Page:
Hospital emergency rooms across the Midwest and northeast are already seeing the inevitable spike in weather-related cases, according to hospitals contacted by the ABC News Medical Unit. They say they are bracing for more, especially among the most vulnerable, the elderly.
"This is a very tenuous time for the elderly," said Dr. Kumar Alagappan, associate chairman of emergency medicine at the North Shore Long Island Jewish Health System in New York.
Emergency departments located on the storm's path are most commonly reporting cases among all ages of slips and falls, and chest pains after shoveling snow.
The University of Pennsylvania Health System's radiology department oversaw 156 injury X-rays over the past two days – more than double what they normally see. According to the department, some were multiple X-rays taken for one patient, and many were due to icy slips and falls.
Northwestern Memorial Hospital in Chicago – one of the hardest-hit areas in this week's storm – told ABC News they are now seeing "some of the worst fractures this year compared to over the past few years."
The elderly are inevitably at higher risk for trouble, especially those on medications such as blood thinners, said Alagappan.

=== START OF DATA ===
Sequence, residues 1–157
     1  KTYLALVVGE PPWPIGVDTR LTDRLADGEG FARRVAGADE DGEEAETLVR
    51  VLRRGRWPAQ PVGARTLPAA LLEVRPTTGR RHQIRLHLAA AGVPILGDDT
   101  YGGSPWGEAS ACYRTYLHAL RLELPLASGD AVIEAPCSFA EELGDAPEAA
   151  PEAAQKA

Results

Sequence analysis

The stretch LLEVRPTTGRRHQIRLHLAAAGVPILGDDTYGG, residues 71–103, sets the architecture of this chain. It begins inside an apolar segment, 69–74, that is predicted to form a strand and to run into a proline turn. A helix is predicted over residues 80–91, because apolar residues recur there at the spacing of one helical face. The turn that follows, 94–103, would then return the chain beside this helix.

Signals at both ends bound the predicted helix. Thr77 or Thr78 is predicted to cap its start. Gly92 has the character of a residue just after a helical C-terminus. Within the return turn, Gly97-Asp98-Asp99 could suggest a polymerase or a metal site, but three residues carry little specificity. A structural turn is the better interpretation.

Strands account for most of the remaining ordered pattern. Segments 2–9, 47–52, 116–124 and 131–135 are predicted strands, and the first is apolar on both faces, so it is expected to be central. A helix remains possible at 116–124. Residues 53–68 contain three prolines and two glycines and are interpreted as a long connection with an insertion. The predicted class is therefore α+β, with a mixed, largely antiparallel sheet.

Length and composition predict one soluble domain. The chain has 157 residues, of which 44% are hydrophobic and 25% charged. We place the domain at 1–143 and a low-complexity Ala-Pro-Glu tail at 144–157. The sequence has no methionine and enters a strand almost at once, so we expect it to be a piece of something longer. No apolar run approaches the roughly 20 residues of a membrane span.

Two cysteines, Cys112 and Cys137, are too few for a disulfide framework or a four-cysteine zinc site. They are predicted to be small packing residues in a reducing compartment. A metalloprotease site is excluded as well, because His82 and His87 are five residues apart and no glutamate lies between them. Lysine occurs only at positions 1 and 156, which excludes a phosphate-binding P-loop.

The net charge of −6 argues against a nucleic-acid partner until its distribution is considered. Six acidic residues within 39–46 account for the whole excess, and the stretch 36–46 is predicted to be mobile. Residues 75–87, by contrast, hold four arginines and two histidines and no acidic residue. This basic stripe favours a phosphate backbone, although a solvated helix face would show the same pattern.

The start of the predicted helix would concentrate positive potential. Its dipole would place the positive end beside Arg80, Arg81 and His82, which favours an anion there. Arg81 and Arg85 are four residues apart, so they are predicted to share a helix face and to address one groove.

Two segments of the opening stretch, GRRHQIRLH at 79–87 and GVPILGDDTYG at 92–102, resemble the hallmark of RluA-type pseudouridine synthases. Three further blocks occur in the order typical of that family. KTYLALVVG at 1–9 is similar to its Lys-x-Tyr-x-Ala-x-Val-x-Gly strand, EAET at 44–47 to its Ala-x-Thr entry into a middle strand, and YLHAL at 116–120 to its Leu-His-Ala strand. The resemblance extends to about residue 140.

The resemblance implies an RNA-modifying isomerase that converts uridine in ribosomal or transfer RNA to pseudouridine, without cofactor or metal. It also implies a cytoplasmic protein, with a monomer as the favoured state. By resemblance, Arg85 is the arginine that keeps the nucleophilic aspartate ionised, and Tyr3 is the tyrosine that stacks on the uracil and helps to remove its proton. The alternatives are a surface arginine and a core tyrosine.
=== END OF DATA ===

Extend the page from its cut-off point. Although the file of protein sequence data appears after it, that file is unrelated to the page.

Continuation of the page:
"I would tell caregivers to make sure the elderly have enough supplies at home, check in on them, and keep them indoors," he said. "You don't want them venturing out alone."
Many who suffer from dementia and may wander outside could be at an increased risk for hypothermia, according Dr. Michael Miller, clinical medical director of the department of emergency medicine at the University of Iowa Hospitals and Clinics.
"You don't really need to check the mail today," said Miller.
Spikes in emergency cases are routine for most emergency rooms in snowy winters, and most are ready to handle the influx. Still, the message from most experts to prevent emergencies is for all people, not just the elderly, to stay inside.
"Really everyone is at risk, because you don't really know how much your body can take in this type of weather," said Dr. Michael Miller, clinical medical director of the department of emergency medicine at the University of Iowa Hospitals and Clinics.
Groundhog Day Storm: Emergency Rooms Busy
Miller said dehydration is common among many healthy children and adults who may go out walking or playing in the snow.
"Especially with these winds it can creep on you really quick," he said.
Alagappan said nearly 30 percent of emergency cases at North Shore Long Island Jewish Health System so far today have been weather-related. Many people thought they could handle the storm, he said.
"I think we're going to have a lot more patients who are falling, because people don't see it on the black tops. We also anticipate a lot more car accidents than we've already seen," said Alagappan. "We know that with reports of storms come potential emergencies, so we're ready."
Many people in the Midwest need only look out the window to see how bad this week's snow and ice storm has been. The National Weather Service says the worst of the storm is now moving through the Northeast.
"We definitely expect to see more motor vehicle accidents and snow blower accidents," said Miller. "Mainly, we're just making sure we're adequately staffed."